Figure 4

Glycemic phenotype of 26RFa-deficient mice 2. (A) Evaluation of plasma glucose levels in 26RFa−/−, 26RFa+/− and 26RFa+/+ mice during an insulin tolerance test (n=13–18 per group). (B) Evaluation of plasma glucose levels in 26RFa−/−, 26RFa+/− and 26RFa+/+ mice during a pyruvate tolerance test (n=10–14 per group). (C) Evaluation of plasma glucose levels in 26RFa−/− mice that received an intraperitoneal dose of 26RFa (500 µg/kg) during a pyruvate tolerance test (n=8 per group). (D, E) Expression of the liver enzymes glucokinase (GCK), glucose 6 phosphatase (G6PC) and phosphoenolpyruvate carboxykinase 1 (PCK1) in fasted or fed conditions of 26RFa+/+ (D) and 26RFa−/− mice (E) (n=8 per group). Data presented as mean±SEM of 3 independent experiments; *p<0.05, **p<0.01, ***p<0.001 26RFa−/− versus 26RFa+/+ mice. PBS, phosphate buffer saline.

### Pancreatic phenotype of 26RFa-deficient mice

Comparison of freshly dissected pancreas indicated that the tissues of the 26RFa-KO mice were bigger with more adipose tissues than the wild-type and heterozygous mice, although the weights were similar in the three groups (figure 5A,B). We also observed that the number of pancreatic islets per pancreas tended to be higher in the 26RFa+/− and 26RFa−/− mice, although statistically not significant (figure 5C). In addition, the areas of the pancreatic islets were significantly higher in the 26RFa-deficient mice (p<0.01) as compared with the wild-type mice (figure 5D), as illustrated by the photomicrographs in figure 5E. The quantitative analysis also revealed that the total number of β cells per pancreas was significantly higher in the 26RFa−/− mice versus the 26RFa+/+ mice (p<0.05) (figure 5F). Conversely, the number of α cells per islet was significantly lower in the 26RFa+/− and 26RFa−/− mice versus the 26RFa+/+ mice (p<0.05 and p<0.001) (figure 5G). Consequently, the ratio of α cells to β cells per islet was significantly lower in the heterozygous and KO mice as compared with the wild-type animals (p<0.001) (figure 5H). Triple labeling experiments revealed that the intensity of insulin and glucagon immunostaining was much lower in the 26RFa-deficient mice versus the wild-type animals, whereas in the heterozygous mice the intensity of immunostaining of the two hormones was between the 26RFa−/− and the 26RFa+/+ mice (figure 5I). The iDISCO approach confirmed that the intensity of the insulin immunostaining was much higher in the wild-type animals (online supplementary video S1) in comparison with the 26RFa-KO mice (online supplementary video S2).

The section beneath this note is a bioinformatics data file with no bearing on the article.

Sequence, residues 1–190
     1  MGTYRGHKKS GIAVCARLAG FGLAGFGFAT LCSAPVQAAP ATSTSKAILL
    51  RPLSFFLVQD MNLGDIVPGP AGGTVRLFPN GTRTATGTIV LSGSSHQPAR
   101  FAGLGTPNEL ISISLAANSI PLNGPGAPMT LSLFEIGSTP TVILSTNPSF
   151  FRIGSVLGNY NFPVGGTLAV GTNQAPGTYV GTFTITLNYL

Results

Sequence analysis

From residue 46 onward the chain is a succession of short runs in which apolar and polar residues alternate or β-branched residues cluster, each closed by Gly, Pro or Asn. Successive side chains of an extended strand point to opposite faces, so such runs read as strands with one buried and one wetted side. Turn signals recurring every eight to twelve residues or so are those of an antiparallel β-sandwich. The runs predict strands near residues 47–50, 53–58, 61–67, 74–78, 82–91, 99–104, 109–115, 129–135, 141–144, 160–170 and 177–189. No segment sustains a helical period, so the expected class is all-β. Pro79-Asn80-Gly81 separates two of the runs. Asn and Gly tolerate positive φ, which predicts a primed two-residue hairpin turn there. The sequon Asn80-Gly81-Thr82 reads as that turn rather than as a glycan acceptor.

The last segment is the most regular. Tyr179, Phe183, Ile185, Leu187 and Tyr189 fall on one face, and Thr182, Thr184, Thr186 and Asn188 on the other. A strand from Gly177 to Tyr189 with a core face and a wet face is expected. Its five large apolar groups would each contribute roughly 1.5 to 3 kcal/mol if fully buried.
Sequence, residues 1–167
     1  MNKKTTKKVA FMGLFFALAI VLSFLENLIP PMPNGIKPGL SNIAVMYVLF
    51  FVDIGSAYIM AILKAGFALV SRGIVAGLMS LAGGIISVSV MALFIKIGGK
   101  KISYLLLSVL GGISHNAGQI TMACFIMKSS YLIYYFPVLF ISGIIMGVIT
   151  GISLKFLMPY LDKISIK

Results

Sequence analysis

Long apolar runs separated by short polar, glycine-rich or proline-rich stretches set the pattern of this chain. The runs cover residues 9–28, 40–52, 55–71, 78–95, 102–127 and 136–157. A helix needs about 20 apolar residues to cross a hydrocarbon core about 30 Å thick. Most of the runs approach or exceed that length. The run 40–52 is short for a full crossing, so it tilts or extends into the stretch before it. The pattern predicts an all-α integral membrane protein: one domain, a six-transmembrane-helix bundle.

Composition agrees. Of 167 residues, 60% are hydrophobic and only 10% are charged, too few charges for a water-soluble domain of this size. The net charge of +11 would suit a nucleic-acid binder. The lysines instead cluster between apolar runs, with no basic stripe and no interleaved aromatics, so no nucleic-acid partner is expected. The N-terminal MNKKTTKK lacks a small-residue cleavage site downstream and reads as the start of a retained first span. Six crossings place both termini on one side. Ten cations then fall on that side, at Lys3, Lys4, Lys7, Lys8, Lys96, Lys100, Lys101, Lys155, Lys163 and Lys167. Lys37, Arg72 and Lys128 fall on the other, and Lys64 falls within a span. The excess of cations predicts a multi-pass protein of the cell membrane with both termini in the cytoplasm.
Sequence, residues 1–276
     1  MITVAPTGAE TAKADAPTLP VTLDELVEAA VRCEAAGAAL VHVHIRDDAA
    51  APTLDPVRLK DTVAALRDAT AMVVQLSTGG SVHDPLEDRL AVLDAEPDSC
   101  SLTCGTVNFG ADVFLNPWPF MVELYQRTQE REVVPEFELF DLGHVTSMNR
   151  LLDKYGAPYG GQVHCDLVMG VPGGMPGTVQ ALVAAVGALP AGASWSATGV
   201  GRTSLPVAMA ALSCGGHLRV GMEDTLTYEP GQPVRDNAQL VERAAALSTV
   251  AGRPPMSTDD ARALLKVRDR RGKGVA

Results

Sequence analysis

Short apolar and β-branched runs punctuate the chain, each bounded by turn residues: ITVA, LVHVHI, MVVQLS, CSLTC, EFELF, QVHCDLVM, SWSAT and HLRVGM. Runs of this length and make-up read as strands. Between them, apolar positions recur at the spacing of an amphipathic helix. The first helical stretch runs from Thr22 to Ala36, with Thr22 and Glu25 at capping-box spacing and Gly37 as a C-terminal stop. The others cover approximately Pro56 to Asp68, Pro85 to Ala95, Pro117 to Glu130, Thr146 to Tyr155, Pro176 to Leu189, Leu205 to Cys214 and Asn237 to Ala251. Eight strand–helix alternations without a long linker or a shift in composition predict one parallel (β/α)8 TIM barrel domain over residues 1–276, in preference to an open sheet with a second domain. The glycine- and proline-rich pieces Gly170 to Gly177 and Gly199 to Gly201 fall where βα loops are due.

### Supplementary video

Figure 5

Pancreatic phenotype of 26RFa-deficient mice. (A, B) Representative photomicrographs of freshly dissected pancreas of 26RFa−/−, 26RFa+/− and 26RFa+/+ mice with their respective weights (n=8 per group). (C, D) Quantitative analysis of the number of pancreatic islets and their areas in 26RFa−/−, 26RFa+/− and 26RFa+/+ mice (n=5 per group). Data presented as mean±SEM; **p<0.01. (E) Representative photomicrographs showing the difference in the size of the pancreatic islets of 26RFa−/−, 26RFa+/− and 26RFa+/+ mice (arrowheads). (F–H) Quantitative analysis of the number of β and α cells per pancreatic islet and their ratio in 26RFa−/−, 26RFa+/− and 26RFa+/+ mice (n=5 per group). (I) Representative photomicrographs of pancreatic islets of 26RFa−/−, 26RFa+/− and 26RFa+/+ mice labeled with an insulin antibody (green), a glucagon antibody (red) and DAPI (blue), showing that the intensity of the insulin and glucagon immunostaining is much lower in the 26RFa−/− mice than in the 26RFa+/+ mice. Data presented as mean±SEM; *p<0.05, **p<0.01, ***p<0.001. Scale bar: 100 µm.

## Discussion